C - COOKIE data, this is stored in the visitor's browser if the browser  
accepts cookies. Cookies data has "session persistence" or even  
"multi-visit persistence", depending on the settings in the visitor's  
browser and the expiration time you set for the cookie. This data is  
shared across all windows or tabs a visitor opens when browsing your  
site because it is bound to the domain. DO NOT RELY ON COOKIES because  
visitors may choose not to accept any cookies.

S - SESSION data, this is stored on your server, by default in a simple  
file in a temp directory. From the persistence point of view it is much  
like cookie data, but you can't normally define how long the data will  
survive. Don't expect the session data to last longer than, well a  
visitor's session when browsing your site. The problem with sessions is  
that you have to know which session data belongs to which visitor  
because they are not implictly connected. This connection is established  
with the session ID. This is a variable that has to be transfered from  
request to request via the G, P or C method. The PHP session functions  
are good at automatically transferring the session ID from request to  

This GPCS scheme is accompanied by E, the environment information about  
the server on which your PHP is running. The combination EGPCS is the  
default value for the configuration directive varaibles_order (see ). This  
directive defines a) which of the data sources as input for your script  
are used and b) which data comes through if there are variables with the  
same name. P comes after G, so a POST variable overwrites the GET  
variable of the same name.

REMEMBER: Session data is usually shared among all open windows of a  
visitor just like the cookies! To store values of a multipage-form in  
the session you cannot simply write the data into the session. What if  
the visitor opens the same form twice? You have to work with an array  
and a unique form instance identifier as key in the array. Or you use  
hidden fields or store the data in the database page by page but that's  
another story.

Other ways to store data permanently include all sorts of files and  
databases. And if you avoid doing full page request at all by using hip  
and cool Ajax technology then you can store data in javascript variables  
across "background requests".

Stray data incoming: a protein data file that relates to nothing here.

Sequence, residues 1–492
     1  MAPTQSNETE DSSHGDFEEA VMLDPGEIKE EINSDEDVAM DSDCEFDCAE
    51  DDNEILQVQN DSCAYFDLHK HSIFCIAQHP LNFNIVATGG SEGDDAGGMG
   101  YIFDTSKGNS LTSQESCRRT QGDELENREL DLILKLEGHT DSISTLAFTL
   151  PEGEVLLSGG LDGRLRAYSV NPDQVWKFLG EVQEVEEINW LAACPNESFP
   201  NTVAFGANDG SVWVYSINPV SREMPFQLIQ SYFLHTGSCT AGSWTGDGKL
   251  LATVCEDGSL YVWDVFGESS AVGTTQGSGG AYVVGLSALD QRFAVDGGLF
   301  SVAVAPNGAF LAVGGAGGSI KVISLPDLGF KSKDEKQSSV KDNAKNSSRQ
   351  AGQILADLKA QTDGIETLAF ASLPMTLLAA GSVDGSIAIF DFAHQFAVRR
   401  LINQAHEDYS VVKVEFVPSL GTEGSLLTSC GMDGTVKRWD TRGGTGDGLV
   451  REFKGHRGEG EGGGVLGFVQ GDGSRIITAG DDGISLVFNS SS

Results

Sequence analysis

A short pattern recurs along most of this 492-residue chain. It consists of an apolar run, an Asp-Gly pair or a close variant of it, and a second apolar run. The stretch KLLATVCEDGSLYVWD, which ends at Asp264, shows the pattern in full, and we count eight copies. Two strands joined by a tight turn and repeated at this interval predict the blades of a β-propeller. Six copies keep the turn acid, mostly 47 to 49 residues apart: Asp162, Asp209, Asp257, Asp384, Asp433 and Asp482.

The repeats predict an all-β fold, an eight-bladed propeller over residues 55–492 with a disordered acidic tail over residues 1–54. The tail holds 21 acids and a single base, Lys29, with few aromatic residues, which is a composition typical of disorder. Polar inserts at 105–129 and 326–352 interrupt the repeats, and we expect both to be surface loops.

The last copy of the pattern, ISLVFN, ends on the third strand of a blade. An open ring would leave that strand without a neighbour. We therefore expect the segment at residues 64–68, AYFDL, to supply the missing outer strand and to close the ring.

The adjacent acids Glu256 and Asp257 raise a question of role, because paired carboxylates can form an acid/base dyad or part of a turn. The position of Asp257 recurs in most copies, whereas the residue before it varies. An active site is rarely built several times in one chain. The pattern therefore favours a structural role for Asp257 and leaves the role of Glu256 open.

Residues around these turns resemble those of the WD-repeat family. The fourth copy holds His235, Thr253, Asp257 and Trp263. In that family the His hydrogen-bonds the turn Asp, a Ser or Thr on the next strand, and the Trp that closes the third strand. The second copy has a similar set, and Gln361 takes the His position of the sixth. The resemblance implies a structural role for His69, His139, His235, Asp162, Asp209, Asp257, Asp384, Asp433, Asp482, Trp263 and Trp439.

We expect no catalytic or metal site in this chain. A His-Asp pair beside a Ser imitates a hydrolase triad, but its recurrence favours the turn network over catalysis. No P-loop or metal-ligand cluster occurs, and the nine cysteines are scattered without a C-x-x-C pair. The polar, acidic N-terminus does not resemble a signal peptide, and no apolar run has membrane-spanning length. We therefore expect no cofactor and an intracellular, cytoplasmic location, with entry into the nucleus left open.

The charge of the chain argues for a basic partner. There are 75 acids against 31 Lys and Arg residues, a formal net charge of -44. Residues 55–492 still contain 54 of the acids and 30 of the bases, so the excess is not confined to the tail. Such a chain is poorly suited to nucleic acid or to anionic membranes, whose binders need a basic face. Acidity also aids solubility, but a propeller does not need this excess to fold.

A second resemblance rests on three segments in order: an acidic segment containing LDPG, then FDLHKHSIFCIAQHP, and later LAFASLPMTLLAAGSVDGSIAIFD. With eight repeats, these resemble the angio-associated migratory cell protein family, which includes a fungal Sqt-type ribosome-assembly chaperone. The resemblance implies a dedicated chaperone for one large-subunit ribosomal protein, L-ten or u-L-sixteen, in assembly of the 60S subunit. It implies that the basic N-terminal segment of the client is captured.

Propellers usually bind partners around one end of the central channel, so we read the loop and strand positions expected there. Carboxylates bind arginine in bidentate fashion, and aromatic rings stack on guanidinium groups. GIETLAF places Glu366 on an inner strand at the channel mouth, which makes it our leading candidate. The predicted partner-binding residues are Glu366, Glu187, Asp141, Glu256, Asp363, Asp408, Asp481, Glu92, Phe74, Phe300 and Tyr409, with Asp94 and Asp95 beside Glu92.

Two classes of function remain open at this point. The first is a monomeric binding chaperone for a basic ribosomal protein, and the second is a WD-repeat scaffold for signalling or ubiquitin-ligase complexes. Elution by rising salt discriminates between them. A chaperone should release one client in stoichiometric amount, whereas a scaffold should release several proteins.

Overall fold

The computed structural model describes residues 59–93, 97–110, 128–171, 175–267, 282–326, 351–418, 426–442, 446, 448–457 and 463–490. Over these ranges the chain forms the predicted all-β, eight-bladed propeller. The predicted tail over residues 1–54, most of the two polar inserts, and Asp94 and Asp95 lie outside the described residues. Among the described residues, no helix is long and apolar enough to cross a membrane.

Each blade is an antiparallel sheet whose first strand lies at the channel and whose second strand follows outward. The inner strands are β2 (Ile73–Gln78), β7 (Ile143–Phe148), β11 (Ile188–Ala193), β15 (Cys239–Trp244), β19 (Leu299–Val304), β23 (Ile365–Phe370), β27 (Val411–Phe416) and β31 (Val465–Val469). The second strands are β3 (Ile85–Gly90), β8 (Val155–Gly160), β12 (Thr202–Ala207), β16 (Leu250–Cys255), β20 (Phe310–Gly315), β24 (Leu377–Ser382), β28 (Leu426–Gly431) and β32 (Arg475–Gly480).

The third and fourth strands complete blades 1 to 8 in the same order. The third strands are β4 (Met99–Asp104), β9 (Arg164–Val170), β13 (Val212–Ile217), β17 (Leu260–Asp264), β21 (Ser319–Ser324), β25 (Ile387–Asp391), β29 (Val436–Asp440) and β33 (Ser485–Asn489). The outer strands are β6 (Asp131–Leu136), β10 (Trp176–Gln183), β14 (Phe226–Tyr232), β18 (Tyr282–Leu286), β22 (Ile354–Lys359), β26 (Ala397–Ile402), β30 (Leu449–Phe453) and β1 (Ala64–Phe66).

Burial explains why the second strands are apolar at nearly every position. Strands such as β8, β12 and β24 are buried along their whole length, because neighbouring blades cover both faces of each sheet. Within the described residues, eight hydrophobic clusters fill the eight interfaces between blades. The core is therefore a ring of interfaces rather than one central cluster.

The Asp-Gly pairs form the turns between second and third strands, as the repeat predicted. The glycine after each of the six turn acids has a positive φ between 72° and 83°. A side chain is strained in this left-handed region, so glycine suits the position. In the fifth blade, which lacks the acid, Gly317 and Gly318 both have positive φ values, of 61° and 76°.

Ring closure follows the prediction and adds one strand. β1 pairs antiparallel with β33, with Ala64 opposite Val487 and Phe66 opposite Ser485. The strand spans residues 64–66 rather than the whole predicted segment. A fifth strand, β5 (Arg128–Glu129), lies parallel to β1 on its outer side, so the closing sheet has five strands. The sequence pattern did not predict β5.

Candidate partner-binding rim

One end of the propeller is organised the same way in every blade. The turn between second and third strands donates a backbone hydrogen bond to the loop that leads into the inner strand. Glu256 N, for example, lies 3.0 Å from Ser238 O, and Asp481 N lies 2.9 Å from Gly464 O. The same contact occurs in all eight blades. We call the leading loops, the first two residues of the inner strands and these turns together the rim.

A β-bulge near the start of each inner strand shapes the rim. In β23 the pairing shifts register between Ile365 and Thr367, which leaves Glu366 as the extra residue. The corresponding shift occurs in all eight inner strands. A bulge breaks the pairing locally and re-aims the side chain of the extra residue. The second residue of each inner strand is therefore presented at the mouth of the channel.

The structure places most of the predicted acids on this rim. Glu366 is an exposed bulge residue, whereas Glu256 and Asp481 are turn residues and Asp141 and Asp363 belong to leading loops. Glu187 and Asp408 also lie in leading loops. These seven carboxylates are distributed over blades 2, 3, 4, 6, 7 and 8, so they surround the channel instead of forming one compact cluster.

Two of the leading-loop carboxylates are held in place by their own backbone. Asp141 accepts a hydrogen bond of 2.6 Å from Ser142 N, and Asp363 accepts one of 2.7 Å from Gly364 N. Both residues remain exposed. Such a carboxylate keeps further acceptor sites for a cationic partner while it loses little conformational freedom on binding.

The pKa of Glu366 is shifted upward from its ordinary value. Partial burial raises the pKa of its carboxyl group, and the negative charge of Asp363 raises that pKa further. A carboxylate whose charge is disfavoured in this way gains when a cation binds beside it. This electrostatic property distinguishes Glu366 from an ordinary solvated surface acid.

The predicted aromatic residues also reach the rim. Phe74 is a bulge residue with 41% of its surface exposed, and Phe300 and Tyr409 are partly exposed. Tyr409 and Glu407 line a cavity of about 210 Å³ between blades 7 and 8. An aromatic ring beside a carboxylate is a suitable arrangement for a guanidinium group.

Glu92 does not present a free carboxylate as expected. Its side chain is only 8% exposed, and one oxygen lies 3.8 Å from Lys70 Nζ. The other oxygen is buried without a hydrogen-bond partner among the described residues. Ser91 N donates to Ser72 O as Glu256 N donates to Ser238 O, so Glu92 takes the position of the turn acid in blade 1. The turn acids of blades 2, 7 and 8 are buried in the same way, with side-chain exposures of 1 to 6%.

Re: global variables

Oliver Grätz wrote:

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In PHP the global keyword basically pulls a variable from the global
namespace into the local namespace.

What most other languages refer to as "globals" PHP calls "superglobals".
There's no way to define superglobals though -- PHP defines a few on its
own (depends on your version, but in recent ones, $_POST, $_GET, $SERVER,
$_SESSIOM, $_ENV, $_FILES and $GLOBALS) and you're stuck with them.

Although I steer away from globals (in my current project, over 4000 lines
of PHP so far, and not a single global!), sometimes I really would
appreciate having a method of defining superglobals. Not going to happen
though. :-(

Toby A Inkster BSc (Hons) ARCS
Contact Me ~
Geek of ~ HTML/SQL/Perl/PHP/Python*/Apache/Linux

* = I'm getting there!

Re: global variables

Awesome discussion and explanation folks.

Yes, I was thinking a global was like a superglobal, but its not.

I ended up imploding my array and sending it to the next page via
POST. Ez-peazy.


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Re: global variables

Toby A Inkster schrieb:
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I intentionally left out elaborating about the nature of the globals vs  
superglobals because use of global variables is somewaht discouraged.  
Even Zend tells developers to use static class variables instead. And by  
the way, Defining your own superglobals is NOT impossible. You CAN use  
the runkit extension ( ) to define variables as  
superglobals. But the nature of this extension as "sandbox" should tell  
developers not to do so ;-) But if you find _good_ reasons to use your  
own superglobals, you are free to do so.